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Scientists: Rocks Could Be Used to Capture CO2

carbon capturing rock

According to researchers at Columbia University, peridotite rocks could be harnessed to capture carbon dioxide in large quantities, potentially offsetting billions of tons of CO2 emissions each year. The rocks, found in Oman, California, New Guinea and elsewhere, produce calcium carbonate and magnesium carbonate rock (both solids) upon contact with CO2.

Previous attempts to transport the rock to power plants and combine it with smokestack gases have been seen as too expensive. But the Columbia researchers have discovered a high rate of reaction underground—in the Omani desert, peridotite is naturally absorbing 10,000 to 100,000 tons of CO2 each year.

As a result, CO2 could be sent to the rocks at a much lower cost. Columbia’s scientists believe that they could speed up the carbon-locking process by 100,000 times by boring into the ground and injecting heated water containing CO2. And since the CO2 would be stored in the form of rock, there would be no chance of it leaking out.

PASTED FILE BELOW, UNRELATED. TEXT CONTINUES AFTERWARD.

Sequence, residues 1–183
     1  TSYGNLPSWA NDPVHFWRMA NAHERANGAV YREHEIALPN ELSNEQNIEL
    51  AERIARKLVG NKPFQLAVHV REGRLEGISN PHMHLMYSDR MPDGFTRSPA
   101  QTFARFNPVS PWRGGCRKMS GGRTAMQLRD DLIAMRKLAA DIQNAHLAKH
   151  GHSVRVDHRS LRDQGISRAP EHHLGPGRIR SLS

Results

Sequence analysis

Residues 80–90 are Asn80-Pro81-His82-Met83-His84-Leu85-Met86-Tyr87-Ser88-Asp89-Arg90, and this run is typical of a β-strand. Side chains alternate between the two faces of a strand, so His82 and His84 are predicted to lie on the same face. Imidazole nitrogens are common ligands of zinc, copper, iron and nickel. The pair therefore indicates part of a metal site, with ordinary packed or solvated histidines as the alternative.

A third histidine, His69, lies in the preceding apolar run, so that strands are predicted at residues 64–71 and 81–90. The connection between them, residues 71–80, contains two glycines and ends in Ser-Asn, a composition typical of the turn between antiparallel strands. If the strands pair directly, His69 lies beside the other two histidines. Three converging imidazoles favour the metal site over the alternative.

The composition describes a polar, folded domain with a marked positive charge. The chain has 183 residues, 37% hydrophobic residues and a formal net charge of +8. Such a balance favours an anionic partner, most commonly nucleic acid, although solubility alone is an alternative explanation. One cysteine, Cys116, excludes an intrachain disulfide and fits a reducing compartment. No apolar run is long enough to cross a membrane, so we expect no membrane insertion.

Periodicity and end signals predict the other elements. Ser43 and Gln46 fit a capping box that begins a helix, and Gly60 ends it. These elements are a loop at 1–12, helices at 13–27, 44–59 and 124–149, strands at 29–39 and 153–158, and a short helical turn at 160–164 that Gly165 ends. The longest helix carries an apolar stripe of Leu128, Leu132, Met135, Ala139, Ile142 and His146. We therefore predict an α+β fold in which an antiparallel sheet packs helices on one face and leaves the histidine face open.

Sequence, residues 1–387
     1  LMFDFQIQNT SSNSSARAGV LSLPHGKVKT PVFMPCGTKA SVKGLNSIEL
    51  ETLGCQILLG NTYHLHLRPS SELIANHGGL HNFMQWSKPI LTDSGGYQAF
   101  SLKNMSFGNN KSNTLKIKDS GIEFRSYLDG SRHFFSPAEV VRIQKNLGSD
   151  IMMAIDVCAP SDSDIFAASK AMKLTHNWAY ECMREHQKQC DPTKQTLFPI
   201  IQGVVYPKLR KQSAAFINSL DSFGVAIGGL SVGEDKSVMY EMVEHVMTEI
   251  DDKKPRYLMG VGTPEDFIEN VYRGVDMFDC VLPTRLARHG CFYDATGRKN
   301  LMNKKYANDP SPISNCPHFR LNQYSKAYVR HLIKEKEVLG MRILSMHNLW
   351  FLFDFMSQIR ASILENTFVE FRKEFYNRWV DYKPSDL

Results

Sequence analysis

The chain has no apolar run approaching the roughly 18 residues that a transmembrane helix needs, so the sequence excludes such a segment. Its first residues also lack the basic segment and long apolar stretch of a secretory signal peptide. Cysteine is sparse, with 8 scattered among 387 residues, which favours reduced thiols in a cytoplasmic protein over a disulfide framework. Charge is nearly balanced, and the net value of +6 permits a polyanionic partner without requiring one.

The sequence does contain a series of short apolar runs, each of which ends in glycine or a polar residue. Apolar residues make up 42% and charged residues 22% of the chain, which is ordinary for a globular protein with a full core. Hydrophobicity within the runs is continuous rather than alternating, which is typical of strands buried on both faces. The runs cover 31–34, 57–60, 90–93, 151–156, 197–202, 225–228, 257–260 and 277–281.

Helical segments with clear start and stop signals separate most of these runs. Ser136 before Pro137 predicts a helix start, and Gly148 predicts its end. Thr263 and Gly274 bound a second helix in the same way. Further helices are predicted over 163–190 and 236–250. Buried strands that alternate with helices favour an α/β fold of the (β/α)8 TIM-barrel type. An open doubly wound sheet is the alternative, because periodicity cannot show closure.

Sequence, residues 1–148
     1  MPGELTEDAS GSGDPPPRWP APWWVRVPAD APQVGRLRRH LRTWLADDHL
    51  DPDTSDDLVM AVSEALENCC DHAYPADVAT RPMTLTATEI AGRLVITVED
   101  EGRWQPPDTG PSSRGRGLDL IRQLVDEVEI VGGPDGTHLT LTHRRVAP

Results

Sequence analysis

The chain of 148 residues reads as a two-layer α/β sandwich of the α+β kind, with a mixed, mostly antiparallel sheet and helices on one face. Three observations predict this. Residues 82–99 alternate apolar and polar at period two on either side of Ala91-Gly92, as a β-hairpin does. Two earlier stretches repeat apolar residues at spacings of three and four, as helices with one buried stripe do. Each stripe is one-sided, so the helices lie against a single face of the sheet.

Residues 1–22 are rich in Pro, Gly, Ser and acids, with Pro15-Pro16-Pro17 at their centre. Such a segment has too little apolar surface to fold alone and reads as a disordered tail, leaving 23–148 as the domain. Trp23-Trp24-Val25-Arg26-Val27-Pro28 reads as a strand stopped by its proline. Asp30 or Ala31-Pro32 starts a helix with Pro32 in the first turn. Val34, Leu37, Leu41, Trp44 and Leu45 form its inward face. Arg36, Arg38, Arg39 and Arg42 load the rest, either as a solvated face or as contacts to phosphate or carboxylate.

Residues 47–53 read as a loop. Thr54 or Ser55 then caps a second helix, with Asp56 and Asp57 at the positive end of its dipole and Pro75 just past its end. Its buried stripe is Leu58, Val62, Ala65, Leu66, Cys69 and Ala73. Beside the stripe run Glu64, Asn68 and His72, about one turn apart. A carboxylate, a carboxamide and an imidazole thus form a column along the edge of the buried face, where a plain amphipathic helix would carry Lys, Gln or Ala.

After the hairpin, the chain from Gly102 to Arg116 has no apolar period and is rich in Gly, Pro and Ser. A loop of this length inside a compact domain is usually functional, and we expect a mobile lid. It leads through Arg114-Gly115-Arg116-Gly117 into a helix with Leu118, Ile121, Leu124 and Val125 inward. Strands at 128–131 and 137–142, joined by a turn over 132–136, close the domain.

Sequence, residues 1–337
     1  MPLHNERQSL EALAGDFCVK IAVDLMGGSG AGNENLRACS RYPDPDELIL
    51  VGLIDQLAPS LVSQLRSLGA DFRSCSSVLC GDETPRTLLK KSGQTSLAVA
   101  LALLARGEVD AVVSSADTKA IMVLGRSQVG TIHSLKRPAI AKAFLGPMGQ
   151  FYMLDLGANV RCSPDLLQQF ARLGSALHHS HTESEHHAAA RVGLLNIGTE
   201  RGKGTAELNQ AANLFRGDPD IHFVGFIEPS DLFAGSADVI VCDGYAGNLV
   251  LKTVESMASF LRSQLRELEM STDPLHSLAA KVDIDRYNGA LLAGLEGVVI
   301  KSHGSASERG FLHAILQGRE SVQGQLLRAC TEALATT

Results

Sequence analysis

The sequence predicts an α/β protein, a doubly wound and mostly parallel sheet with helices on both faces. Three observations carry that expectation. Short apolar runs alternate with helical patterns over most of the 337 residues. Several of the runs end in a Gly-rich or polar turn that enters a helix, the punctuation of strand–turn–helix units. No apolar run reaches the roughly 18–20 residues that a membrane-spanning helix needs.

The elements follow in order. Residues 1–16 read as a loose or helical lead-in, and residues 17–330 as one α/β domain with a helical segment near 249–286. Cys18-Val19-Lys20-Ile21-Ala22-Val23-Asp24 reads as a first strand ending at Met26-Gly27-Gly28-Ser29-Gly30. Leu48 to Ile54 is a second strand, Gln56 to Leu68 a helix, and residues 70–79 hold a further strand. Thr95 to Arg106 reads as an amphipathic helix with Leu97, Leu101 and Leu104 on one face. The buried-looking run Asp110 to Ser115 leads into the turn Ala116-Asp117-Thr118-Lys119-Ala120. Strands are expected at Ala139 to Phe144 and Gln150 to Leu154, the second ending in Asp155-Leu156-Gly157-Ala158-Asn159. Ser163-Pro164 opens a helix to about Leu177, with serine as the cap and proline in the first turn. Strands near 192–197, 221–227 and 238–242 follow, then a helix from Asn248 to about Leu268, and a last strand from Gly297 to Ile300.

The researchers have completed successful tests of their theory in Oman, and now want to test on a larger scale. Whether they will reap such successful results elsewhere remains to be seen.

Whatever the case, this is a promising development—carbon sequestration techniques currently run the risk of earthquakes or other natural events releasing massive amounts of buried CO2 into the atmosphere. Eliminating that risk makes the practice seem much more viable in the long term.

Photo Credit: Lamont-Doherty Earth Observatory

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Written By

was formerly the editor of CleanTechnica and is a senior editor at Co.Exist. She has contributed to SF Weekly, Popular Science, Inhabitat, Greenbiz, NBC Bay Area, GOOD Magazine, and more. A graduate of Vassar College, she has previously worked in publishing, organic farming, documentary film, and newspaper journalism. Her interests include permaculture, hiking, skiing, music, relocalization, and cob (the building material). She currently resides in San Francisco, CA.


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